Public libraries are finding themselves ``inundated with unsupervised children in the after-school hours,'' says Leah Lefstein, acting director of the Center for Early Adolescence at the University of North Carolina, Chapel Hill. Libraries are among the community institutions that have often become ``de facto latchkey centers,'' she explains. Churches, clubs, and schools have also felt the impact of working parents' desires to find some kind of supervised arrangement to fill the gap between the end of school and the end of the work day.
A number of model programs have sprung up over the years to address this need, and Mrs. Lefstein and colleague Joan Lipsitz, working with a grant from the Lilly Endowment, have put together a compilation of these, titled ``3:00 to 6:00: Programs for Young Adolescents'' (Center for Early Adolescence, University of North Carolina).
Here's a quick sample:
Youth club at the Kenton Presbyterian Church, Portland, Ore. This small program, serving 30 to 40 youngsters a week from the surrounding low to moderate income neighborhood, is run by a small staff of volunteers on a budget of about $300 a year. Activities range from chess matches to basketball to discussions.
Girls Club of Rapid City, S.D. A full range of crafts and athletic programs is offered to some 1,000 girls. There's also career development for older participants. The main thing, according to club director Barbara Fierro, is giving youngsters an ``opportunity to know people who really care about what happens to them.''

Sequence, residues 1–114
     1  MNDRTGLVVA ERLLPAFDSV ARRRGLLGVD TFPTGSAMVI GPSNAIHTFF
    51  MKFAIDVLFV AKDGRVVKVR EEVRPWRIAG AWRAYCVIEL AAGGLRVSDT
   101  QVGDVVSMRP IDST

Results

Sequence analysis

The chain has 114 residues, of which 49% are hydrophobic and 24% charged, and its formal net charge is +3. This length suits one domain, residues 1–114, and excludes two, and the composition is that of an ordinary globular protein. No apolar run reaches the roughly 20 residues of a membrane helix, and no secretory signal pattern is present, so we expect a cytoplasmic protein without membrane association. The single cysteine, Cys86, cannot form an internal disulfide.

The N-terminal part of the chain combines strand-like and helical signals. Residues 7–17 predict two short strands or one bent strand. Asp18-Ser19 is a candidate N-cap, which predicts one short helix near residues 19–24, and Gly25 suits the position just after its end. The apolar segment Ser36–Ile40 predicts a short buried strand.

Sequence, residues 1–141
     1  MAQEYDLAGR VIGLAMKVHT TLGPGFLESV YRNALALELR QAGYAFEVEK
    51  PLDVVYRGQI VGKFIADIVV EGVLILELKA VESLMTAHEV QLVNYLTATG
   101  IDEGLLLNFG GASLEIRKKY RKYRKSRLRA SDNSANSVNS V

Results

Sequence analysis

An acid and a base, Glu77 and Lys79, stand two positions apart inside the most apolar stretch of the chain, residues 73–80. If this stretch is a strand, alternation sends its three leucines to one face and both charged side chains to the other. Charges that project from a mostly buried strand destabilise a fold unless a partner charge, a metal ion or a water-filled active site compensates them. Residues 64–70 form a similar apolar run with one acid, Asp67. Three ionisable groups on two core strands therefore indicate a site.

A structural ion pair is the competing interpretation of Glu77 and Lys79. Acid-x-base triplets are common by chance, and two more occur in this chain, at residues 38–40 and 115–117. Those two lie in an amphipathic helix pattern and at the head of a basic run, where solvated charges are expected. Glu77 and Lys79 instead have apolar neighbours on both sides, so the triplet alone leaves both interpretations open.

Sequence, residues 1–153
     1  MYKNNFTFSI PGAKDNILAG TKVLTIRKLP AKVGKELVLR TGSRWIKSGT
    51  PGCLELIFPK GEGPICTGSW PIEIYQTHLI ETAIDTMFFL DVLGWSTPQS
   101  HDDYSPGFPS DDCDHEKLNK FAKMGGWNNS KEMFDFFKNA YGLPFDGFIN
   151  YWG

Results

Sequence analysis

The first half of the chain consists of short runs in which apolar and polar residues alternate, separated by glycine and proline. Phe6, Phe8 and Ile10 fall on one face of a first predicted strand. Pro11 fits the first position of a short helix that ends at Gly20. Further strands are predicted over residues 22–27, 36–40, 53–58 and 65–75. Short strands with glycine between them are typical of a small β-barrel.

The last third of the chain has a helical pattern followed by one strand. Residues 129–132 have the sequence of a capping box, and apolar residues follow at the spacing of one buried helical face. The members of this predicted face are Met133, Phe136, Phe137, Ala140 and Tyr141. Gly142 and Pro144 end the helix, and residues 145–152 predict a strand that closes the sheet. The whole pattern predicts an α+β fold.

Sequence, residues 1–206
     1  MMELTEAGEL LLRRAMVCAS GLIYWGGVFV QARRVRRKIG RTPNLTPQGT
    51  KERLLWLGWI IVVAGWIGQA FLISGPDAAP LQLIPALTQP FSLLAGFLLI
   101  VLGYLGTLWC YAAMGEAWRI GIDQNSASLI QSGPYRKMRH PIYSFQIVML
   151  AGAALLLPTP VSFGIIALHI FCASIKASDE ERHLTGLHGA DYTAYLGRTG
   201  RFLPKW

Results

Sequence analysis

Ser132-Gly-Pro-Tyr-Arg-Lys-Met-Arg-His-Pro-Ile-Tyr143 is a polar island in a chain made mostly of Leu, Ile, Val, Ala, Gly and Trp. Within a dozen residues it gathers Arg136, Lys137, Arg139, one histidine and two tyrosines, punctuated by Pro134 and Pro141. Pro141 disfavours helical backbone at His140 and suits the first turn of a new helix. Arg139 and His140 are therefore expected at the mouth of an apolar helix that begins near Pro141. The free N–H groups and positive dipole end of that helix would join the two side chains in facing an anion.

Derby Community Education, Derby, Kan. Pioneered by high school English teacher Sondra Vedock, this program uses public school facilities to provide courses and activities for 6,000 of the town's 15,000 residents, including 5,000 youngsters. Offerings in the after-school hours zero in on the tastes and needs of children. Cost of the program is $100,000 a year. Participants are charged $1 per classroom hour.
Levels. The Great Neck, N.Y., public library converted an unused portion of its lower level into a gathering spot for the teen-agers of this well-to-do suburb of New York City. Kids can try computer programming, plan and stage a musical, or simply lounge and talk. They participate at any ``level'' they desire. Youngsters help run the program and have a say in the hiring of adult staff. The programs has about 300 ``regulars'' and hundreds of others who drop in occasionally.